Since then, she has written two books–Abortion Rap, with Diane Schulder, published by McGraw-Hill; and The Pathology of Oppression, which she is polishing for publication soon by Viking. She has also founded the Feminist Party, whose chapters spring up wherever Flo pauses to give out a pamphlet or two; disrupted several major political events in a very issue-oriented and mind-expanding way; launched a suit to deprive the Catholic Church of its tax-exempt status on the grounds that it spends illegal amounts of its money to influence legislation, particularly on abortion.
And since then, I have found that–like so many others–I can’t talk for more than an hour or so without quoting the infinitely quotable Flo. By combining a high-style street rap and political insight, Flo has become one of the few feminists who make humor work for change, not against it. —Gloria Steinem
“They call us militants, but General Westmoreland, General Abrams, General Motors and General Dynamics–they’re the real militants. We don’t even have a helicopter.”
“We ought to give the Pentagon budget to the Department of Health, Education and Welfare, and the HEW budget to the Pentagon. Then we’d have enough money to cure cancer and sickle-cell anemia and muscular dystrophy, and we’d only have telethons for Pentagonorrhea.”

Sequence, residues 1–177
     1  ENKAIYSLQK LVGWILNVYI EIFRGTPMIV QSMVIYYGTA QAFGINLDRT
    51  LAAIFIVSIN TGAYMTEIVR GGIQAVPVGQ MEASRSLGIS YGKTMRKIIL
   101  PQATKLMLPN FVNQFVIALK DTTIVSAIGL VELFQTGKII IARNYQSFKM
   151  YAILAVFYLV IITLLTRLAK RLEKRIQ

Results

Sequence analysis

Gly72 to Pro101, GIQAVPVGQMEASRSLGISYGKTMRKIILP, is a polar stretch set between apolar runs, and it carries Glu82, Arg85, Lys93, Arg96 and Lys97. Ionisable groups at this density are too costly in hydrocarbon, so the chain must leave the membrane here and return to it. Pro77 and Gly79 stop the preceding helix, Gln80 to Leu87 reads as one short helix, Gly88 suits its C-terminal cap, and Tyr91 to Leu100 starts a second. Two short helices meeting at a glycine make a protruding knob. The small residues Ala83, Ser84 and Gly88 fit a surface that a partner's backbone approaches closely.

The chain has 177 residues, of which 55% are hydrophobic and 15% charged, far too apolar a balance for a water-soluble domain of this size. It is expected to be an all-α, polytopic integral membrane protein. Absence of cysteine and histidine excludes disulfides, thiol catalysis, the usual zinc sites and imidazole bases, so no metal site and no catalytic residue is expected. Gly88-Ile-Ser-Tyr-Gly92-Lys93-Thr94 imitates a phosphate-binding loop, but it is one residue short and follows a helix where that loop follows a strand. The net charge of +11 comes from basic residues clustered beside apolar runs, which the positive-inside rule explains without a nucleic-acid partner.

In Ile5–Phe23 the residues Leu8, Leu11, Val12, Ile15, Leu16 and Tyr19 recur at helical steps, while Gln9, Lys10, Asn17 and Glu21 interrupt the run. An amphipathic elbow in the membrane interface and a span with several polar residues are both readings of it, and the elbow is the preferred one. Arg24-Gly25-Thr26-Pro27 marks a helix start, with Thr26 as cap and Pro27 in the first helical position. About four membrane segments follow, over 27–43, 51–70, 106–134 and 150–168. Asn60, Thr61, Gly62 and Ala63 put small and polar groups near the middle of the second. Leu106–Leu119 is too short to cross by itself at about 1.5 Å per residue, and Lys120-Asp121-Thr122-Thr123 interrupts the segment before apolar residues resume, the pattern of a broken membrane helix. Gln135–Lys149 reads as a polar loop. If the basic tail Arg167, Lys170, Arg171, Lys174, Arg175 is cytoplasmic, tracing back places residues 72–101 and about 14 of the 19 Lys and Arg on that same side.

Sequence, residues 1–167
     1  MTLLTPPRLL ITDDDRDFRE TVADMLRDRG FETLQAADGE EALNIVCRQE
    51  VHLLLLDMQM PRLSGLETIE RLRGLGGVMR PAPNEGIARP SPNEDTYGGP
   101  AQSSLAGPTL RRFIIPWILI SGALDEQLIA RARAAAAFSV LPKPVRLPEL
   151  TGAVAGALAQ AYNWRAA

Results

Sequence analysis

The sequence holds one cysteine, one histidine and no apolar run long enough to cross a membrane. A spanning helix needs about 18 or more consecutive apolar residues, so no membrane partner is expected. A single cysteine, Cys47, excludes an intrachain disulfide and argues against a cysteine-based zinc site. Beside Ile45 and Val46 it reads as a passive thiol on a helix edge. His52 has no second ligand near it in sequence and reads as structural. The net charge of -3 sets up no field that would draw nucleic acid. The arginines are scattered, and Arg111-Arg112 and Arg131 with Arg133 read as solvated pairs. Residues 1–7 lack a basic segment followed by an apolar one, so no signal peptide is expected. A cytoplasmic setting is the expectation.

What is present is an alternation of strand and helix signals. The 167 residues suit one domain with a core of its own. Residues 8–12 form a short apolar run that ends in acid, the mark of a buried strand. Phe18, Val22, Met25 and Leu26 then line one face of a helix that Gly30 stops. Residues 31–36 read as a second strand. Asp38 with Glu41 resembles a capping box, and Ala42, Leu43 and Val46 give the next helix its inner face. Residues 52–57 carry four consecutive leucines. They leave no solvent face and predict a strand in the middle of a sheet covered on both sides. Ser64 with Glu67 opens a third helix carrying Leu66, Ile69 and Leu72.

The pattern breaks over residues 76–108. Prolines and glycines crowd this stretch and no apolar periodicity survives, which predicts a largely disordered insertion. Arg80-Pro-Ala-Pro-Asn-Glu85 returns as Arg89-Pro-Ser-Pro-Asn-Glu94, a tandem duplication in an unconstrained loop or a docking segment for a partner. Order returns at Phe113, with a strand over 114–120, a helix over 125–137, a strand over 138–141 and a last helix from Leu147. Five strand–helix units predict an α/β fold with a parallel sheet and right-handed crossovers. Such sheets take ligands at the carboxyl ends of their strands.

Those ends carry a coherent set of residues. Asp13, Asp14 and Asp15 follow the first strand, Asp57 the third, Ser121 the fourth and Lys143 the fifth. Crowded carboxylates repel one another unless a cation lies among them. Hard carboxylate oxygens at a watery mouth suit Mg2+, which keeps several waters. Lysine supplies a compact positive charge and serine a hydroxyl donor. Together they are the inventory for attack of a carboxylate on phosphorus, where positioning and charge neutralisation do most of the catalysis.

“The draft is very new in this country, and a lot of people want to eliminate it. But as soon as women start talking about their rights, somebody says they should get drafted. It’s as if men are saying, “If you don’t let me hold the door open for you, I’ll slam it on your hand.”
“Angela Davis is accused–only accused–of buying a gun for somebody, and what happens? She spends months in solitary confinement and hundreds of thousands of dollars on legal defense before she can go free. Lieutenant Calley is convicted of slaughtering kids and women in Vietnam and what happens? He gets confined to very comfortable quarters, not even sent to jail–and Nixon defends him in public. It makes you wonder: does femicide pay?”
“If you’re lying in a ditch with a truck on your ankle, you don’t send somebody to the library to find out how much the truck weighs. You get the truck off.”
“Being a mother is a noble status, right? So why does it change when you put ‘unwed’ or ‘welfare’ in front of it?”
“Oppression has at least four dimensions: The personal or psychological–like when you yourself believe that you’re a big zero because society keeps telling you so. The private–like when some employer tries to make out with you when you ask for a job. The public–like when the government takes the money you need for child-care centers, and uses it to kill people in Indochina. And the cultural–like when the history books attribute everything we did and invented to some guy we worked for.”
“Niggerization is the result of oppression–and it doesn’t just apply to black people. Old people, poor people, and students can also get niggerized. Sure, there are differences in degree, but we’ve got to stop comparing wounds and go out after the system that does the wounding.”
“If you’ve been hit a lot, you tend to stay sore for a while. Trying to help an oppressed person is like trying to put your arm around somebody with a sunburn.”